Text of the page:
With the release of MySQL 4.1, the password hashing mechanism was updated to produce more secure passwords. MySQL continued to support the old MySQL password hashes for compatibility reasons until MySQL 5.6. When upgrading to MySQL version 5.6 (or the MariaDB equivalent) or higher, MySQL will randomize any passwords using an old password hash. Randomizing the password for MySQL users can prevent websites from connecting to databases properly, and effectively bring the site down.
Passwords stored in a database (if done responsibly) are not stored in a human readable form. In the event of a security breach, this prevents attackers from having plaintext passwords that can be used to easily access user accounts. Converting passwords to a non-human readable form is where hashing comes in.
Hashing is a process by which a string of characters (a password in this case) is mathematically transformed into a cryptographically secure hash. A hash would look like a series of meaningless random characters, and is stored in a database as a representation of a password. This differs from something like encryption in that hashing isn't intended to be reversed. A password can be easily converted into a hash, but a hash can't be easily converted back into a password. When a user tries to authenticate with a password, the password provided then undergoes the same hashing operation, and is compared to the hash in the database. If the hashes match, the user is authenticated, and logged in.
While hashes aren't supposed to be reversible, it isn't really true. Hashes can be "cracked", and converted back to a usable password given enough time, or ingenuity. Hashing functions have evolved, and become more secure as existing hashing functions have been cracked. The hash used by MySQL for passwords prior to MySQL 4.1 is now considered to be a weak hash, and can be more easily cracked in the hands of an attacker. The password hash introduced in MySQL 4.1 is a much stronger hash, and much more difficult to crack.
Locating A Password
If a site connects to a MySQL database, it has to store the name of that database and the user and password used to connect to it somewhere. Usually it's stored in a flat file, and typically it will be a configuration file.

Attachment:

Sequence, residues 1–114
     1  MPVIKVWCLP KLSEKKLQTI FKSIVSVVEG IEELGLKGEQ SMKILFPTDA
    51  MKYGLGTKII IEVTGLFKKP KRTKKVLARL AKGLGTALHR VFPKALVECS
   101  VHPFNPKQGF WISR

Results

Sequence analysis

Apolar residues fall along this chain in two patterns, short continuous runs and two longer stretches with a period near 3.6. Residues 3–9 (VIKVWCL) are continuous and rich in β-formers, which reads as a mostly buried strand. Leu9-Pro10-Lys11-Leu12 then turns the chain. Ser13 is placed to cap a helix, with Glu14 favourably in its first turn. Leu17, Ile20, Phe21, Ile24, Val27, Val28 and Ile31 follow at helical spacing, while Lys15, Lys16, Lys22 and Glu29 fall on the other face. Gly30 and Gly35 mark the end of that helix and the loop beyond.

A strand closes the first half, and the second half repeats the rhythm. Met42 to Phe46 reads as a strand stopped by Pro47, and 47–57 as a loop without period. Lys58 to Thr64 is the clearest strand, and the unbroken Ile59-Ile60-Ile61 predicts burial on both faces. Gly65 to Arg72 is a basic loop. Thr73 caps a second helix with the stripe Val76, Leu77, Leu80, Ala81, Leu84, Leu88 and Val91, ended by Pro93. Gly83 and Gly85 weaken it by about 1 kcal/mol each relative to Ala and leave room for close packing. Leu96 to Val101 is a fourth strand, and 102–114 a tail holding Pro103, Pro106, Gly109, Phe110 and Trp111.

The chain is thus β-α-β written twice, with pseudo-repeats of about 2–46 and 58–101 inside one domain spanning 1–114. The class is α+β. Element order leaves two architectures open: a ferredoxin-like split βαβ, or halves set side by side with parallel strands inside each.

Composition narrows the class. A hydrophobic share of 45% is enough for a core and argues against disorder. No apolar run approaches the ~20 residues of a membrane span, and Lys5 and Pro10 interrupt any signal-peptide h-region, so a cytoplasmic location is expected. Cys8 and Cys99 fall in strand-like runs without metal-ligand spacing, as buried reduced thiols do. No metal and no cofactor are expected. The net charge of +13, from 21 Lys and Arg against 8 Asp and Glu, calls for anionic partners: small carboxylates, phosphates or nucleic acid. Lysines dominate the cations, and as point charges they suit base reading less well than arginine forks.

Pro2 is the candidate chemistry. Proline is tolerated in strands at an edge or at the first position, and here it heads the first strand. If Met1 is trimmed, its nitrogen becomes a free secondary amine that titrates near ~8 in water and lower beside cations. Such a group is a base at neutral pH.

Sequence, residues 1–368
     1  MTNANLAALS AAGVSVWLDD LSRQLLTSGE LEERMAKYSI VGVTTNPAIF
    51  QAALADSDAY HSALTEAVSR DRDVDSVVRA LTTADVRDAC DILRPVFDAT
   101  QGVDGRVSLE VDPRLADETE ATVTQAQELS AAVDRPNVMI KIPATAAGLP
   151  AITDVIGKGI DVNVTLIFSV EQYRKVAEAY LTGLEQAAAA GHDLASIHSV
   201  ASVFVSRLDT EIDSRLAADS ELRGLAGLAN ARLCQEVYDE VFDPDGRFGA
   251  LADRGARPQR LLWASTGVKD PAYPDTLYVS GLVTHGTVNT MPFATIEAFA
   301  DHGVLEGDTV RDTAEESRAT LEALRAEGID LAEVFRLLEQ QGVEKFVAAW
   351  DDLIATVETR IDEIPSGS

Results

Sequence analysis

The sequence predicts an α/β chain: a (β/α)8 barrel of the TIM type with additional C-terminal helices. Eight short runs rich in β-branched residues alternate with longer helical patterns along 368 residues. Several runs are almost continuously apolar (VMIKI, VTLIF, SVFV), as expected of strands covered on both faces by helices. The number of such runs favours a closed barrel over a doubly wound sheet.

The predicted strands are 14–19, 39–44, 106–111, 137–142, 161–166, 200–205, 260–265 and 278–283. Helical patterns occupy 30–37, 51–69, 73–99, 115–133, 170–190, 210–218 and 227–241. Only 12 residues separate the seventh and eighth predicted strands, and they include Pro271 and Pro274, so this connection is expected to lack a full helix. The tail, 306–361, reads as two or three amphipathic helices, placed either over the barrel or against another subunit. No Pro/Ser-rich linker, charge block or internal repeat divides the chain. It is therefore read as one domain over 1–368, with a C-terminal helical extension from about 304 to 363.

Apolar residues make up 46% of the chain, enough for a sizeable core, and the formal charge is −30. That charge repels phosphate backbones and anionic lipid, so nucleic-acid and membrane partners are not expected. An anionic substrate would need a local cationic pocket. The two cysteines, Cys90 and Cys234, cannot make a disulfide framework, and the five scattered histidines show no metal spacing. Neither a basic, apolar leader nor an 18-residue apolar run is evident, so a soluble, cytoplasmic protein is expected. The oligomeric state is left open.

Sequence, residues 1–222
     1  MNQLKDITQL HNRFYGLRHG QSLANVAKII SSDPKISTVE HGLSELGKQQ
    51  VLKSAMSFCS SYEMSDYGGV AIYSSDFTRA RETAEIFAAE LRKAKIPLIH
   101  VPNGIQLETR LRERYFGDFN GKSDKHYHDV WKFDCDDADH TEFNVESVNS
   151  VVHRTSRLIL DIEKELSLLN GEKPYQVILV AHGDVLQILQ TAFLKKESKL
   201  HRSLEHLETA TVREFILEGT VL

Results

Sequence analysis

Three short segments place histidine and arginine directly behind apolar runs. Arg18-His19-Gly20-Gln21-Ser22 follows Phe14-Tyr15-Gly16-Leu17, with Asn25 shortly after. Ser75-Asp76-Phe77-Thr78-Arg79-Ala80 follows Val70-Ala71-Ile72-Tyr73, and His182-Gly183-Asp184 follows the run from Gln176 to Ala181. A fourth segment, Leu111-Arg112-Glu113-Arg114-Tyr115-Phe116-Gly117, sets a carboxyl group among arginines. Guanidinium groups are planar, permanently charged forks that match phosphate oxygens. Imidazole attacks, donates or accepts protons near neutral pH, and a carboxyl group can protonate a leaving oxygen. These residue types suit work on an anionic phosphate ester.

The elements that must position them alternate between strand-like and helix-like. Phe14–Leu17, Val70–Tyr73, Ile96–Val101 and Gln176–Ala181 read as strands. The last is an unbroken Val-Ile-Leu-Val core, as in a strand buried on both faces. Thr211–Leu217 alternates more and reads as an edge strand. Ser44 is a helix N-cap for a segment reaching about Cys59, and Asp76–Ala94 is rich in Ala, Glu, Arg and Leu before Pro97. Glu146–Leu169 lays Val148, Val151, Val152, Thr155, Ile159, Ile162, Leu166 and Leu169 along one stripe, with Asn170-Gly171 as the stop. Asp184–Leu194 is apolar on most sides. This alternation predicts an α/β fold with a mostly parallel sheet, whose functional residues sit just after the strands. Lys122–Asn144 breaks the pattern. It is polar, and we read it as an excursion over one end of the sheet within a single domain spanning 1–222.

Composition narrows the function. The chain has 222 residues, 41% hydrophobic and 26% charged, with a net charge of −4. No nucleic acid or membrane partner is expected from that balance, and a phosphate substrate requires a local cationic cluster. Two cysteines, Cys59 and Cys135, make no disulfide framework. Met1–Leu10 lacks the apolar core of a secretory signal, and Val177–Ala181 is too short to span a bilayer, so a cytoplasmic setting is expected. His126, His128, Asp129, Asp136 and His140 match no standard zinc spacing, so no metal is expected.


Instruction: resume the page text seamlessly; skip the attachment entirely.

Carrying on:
For WordPress, the MySQL user and password is in the
wp-config.php file. In that file, look for the definitions of the
For Joomla, the MySQL user and password is in the
configuration.php file. In that file, look for declarations of the
If you're using a version of Joomla prior to 3.0, the location of the MySQL user and password may vary.
For Drupal, the MySQL user and password is in the
sites/default/settings.php file. In that file, look for the declaration of the
With older versions of Drupal, the database information may be in a different form.
For Magento, the MySQL user and password is in the
app/etc/local.xml file. In that file, look for the
Updating Password Hashes
Password hashes will be updated when a user's password is changed. Changing the password to the same password will simply update the hash without changing anything else. There are a couple methods you can use to change the password.
You can quickly update the password for a MySQL user within cPanel.
Go to Databases > MySQL® Databases.
Click Change Password for user you wish to change.
On the following page, you will be able to update the password for the MySQL user.<p style="margin-top: 10px; margin-bottom: 0px; color: #172b4d; font-family: -apple-system, BlinkMacSystemFont, 'Segoe UI', Roboto, Oxygen, Ubuntu, 'Fira Sans', 'Dr
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